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Through The Looking Glass

Updated: May 24, 2019

Canon EF Zoom Lens | Focal Range: 17-40mm | Aperture: F/4

So, you just read A Photographer's first camera (under $1000) and, then you bought your first camera. CONGRATULATIONS!!!

Now, you are ready to take amazing photos that will blow your clients away and keep some change in your pockets.

The only thing you don't know is...Which LENS will make your photos stand out without breaking your wallet?

Well, DON'T BE SCARED! This article will quickly help you learn the FUNCTION and PURPOSE of camera lenses and, ultimately, choose the one right for you!

(This is a small guide for those looking for a starting place)

FOCAL LENGTH is the most important factor when buying a lens. The focal length determines how far or close you need to be to your subject when taking a picture.

(Keep in Mind - If a FULL FRAME lens is on a CROP FRAME camera, the focal length would change. Basically, you would see a tighter shot.)

There are two types of lenses, PRIME lenses and ZOOM lenses. A prime lens has one FOCAL LENGTH (fixed). All that means is, instead of adjusting the camera lens, you have to adjust your distance to the subject(s) to get different angles. A zoom lens has a FOCAL RANGE/ZOOM RANGE (a range of focal lengths), which means you can expand the lens to get a tighter shot or detract the lens to get a wider shot. Primes are usually sharper, but Zooms allow for more flexibility. Focal lengths under 50mm are usually considered WIDE ANGLE lenses, while lenses over 50mm are usually considered TELEPHOTO. Standard or Medium length lenses are usually 40mm-60mm. Lenses with a 50mm Focal Length are meant to imitate the human eye.

The second most important factor is the APERTURE (F stop or IRIS). The aperture of a lens determines how much LIGHT can pass through the lens. Basically, the wider the aperture (the more light that passes through the lens) the more the subject will stand out from the background. This is when you typically see a blurred background. With a small or narrow aperture, the subject will be in focus, but so will the background. With the narrowest aperture, the subject and the entire image will be in focus. This is referred to as DEPTH-OF-FIELD. Depth of Field is the distance between the closest and the farthest objects. Depth of Field = distance between camera, subject, and background.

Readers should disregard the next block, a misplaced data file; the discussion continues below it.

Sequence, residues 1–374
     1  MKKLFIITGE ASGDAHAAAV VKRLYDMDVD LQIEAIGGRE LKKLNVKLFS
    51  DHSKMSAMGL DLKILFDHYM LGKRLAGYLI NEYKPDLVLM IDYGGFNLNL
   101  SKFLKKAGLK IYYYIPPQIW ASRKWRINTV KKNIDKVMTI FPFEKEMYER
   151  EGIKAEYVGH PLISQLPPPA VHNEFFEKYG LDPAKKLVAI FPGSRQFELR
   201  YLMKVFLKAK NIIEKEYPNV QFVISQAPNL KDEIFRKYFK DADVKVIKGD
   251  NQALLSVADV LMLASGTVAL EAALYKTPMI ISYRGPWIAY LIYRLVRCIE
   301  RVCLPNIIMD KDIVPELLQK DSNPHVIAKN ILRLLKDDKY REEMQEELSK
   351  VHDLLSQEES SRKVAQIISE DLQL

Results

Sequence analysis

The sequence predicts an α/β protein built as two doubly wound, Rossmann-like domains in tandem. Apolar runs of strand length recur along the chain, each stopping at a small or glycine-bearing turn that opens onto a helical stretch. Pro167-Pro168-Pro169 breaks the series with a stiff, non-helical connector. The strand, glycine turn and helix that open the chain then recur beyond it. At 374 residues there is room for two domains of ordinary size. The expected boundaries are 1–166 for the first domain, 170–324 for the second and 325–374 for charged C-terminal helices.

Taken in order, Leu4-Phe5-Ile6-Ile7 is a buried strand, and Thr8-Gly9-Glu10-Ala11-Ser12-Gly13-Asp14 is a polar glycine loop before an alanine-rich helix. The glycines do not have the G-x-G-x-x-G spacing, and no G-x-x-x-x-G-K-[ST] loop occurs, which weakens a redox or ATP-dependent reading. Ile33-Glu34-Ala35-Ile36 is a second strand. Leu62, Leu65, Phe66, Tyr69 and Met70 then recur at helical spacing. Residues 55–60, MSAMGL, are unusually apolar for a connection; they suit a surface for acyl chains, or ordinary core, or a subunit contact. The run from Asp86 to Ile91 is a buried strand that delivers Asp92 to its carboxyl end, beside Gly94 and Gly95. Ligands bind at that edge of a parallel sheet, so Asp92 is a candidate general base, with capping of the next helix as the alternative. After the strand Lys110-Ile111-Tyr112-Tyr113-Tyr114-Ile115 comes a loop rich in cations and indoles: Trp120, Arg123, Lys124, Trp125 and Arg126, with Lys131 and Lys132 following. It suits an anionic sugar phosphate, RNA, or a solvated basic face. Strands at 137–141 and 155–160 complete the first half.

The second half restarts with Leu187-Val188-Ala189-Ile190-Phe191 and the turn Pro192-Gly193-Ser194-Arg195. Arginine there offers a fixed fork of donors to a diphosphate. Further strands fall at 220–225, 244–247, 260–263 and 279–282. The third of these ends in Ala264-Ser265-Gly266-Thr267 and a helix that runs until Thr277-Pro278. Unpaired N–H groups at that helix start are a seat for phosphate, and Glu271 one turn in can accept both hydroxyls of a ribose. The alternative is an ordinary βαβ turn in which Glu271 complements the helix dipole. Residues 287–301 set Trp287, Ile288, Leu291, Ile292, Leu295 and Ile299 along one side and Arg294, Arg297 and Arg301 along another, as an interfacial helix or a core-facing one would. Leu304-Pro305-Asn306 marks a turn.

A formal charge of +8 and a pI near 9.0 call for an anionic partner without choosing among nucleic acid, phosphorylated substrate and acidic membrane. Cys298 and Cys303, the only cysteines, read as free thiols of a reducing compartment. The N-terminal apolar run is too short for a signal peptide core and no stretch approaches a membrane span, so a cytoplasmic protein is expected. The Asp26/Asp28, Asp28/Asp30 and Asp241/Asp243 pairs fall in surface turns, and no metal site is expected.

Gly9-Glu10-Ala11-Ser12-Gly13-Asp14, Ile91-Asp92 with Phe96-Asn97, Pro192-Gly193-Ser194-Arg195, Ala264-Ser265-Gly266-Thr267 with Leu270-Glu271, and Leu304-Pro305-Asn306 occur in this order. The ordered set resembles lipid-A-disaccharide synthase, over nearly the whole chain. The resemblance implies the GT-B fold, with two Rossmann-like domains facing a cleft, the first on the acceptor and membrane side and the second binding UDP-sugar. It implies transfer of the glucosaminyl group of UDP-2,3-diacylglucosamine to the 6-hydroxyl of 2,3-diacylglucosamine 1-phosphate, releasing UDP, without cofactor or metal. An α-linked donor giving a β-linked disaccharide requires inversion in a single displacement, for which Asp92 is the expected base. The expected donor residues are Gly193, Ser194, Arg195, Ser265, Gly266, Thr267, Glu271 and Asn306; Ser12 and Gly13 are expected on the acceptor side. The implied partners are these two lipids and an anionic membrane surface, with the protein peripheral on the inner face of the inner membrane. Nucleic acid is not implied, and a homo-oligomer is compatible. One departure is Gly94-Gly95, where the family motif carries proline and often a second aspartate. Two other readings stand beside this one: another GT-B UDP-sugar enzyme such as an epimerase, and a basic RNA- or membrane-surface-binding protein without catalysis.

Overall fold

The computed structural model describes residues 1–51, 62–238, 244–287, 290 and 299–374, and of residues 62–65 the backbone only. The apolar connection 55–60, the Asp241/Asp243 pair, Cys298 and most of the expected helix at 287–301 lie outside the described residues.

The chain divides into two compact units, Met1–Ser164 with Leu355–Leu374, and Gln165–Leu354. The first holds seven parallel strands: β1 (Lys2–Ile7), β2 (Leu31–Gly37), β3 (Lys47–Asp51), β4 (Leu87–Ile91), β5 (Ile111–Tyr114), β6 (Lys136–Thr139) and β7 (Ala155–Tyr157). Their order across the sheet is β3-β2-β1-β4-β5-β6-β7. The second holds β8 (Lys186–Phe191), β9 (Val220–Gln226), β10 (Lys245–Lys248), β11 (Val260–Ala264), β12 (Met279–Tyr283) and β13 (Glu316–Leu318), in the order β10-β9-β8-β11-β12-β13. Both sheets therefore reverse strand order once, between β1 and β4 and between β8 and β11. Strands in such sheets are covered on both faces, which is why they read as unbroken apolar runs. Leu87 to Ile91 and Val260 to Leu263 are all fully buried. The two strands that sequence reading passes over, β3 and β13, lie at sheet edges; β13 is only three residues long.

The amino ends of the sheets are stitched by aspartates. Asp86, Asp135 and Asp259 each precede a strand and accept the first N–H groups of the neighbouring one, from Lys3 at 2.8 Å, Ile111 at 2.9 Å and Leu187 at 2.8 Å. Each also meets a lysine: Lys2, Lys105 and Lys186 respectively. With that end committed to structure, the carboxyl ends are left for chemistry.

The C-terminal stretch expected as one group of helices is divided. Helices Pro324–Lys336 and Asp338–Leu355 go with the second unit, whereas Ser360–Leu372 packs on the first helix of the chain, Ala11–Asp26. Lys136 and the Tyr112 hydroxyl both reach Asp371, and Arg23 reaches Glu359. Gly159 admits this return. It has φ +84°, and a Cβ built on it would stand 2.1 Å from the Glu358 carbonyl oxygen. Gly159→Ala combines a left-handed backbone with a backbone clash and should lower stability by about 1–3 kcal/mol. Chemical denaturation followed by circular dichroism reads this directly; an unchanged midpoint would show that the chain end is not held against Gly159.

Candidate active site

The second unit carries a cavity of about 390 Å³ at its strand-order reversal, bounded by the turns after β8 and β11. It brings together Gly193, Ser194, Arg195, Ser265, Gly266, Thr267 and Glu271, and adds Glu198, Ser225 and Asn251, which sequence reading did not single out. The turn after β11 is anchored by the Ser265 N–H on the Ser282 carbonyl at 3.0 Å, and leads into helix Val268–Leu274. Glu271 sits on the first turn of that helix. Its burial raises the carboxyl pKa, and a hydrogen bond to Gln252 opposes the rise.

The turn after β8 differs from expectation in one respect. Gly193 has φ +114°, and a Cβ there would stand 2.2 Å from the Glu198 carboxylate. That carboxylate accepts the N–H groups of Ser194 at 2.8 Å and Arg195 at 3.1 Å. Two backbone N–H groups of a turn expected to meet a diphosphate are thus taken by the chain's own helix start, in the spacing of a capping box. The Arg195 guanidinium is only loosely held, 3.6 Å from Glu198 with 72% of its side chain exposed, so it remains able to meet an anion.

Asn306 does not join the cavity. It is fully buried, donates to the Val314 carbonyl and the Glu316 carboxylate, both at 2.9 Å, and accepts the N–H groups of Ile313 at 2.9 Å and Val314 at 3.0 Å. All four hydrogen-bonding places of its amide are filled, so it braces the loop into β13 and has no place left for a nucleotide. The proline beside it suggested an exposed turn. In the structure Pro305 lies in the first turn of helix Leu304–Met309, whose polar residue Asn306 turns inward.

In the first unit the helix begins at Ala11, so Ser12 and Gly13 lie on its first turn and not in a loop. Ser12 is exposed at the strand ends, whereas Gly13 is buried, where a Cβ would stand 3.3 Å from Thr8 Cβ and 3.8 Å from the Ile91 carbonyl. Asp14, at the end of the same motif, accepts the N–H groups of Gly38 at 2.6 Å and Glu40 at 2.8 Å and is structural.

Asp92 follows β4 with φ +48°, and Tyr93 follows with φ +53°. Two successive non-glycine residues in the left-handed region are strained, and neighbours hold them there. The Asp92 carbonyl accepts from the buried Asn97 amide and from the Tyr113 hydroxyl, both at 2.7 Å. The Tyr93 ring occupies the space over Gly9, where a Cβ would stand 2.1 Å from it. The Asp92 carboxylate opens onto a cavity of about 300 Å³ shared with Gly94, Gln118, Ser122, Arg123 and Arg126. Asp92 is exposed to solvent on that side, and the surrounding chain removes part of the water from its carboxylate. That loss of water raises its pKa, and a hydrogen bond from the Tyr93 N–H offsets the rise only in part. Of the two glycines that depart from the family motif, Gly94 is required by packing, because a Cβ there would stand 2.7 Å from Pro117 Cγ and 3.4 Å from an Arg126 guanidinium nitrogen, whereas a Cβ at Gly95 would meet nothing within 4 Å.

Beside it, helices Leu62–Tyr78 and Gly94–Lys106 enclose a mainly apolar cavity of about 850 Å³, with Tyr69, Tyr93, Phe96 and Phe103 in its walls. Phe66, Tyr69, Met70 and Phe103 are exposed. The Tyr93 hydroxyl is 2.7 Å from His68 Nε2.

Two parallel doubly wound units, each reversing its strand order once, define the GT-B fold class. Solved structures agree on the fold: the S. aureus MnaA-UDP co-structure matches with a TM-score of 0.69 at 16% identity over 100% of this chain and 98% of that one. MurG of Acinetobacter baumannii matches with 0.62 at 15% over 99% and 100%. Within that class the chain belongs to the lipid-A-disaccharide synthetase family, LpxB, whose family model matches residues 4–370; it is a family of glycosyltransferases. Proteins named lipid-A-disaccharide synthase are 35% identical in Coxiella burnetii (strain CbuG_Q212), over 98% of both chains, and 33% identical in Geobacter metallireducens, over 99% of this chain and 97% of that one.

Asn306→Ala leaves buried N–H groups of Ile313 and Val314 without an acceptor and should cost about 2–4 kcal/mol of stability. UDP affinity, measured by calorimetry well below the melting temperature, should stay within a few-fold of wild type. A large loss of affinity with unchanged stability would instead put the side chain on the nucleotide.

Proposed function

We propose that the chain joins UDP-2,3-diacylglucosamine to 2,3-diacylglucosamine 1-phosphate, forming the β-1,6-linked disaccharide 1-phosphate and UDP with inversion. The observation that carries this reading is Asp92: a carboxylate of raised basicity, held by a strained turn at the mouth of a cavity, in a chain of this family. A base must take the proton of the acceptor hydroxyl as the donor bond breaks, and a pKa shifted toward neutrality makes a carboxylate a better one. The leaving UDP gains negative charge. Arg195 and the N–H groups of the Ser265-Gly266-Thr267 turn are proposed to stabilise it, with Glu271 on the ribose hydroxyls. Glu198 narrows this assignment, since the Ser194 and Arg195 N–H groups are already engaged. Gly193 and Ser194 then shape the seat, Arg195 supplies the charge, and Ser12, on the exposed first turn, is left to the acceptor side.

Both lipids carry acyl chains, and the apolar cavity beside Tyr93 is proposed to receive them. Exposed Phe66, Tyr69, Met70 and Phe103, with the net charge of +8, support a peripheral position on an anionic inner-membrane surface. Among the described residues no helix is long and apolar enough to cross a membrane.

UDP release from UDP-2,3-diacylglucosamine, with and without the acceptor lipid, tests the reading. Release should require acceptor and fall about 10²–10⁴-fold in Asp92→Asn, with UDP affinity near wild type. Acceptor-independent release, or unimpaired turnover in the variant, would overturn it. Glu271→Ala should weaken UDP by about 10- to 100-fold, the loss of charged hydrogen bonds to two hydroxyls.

Aperture | F stop | Iris

Each of the 4 camera manufactures (CANON, FUJI, NIKON and, SONY) I listed in A Photographer's first camera (under $1000) have their own brand of lenses, NATIVE LENSES. If you use a Canon camera you can still use a Sony lens with an ADAPTER. You can also use third party lens manufacturers, like TAMRON or TOKINA.

Depending on the type of photography you're doing and what you are trying to capture will determine what lens you need. If you can't be near your subject, but need a tight shot, a TELEPHOTO lens is the way to go. If you're shooting high fashion portrait photography, that typically allows the flexibility to shoot at your own pace and be as far from or close to the subject as you want, so, maybe a medium wide prime (like 35mm) might be your go to. At the end of the day, it also comes down to the almighty DOLLAR DOLLAR BILL y'all. I am a big supporter of USED LENSES. As long as everything functions properly and, the lens still has VALUE, I would much rather purchase a really good used lens, than a fairly decent brand new one.

Thanks for reading! Keep creating VISUALS.FROM.THE.SOUL

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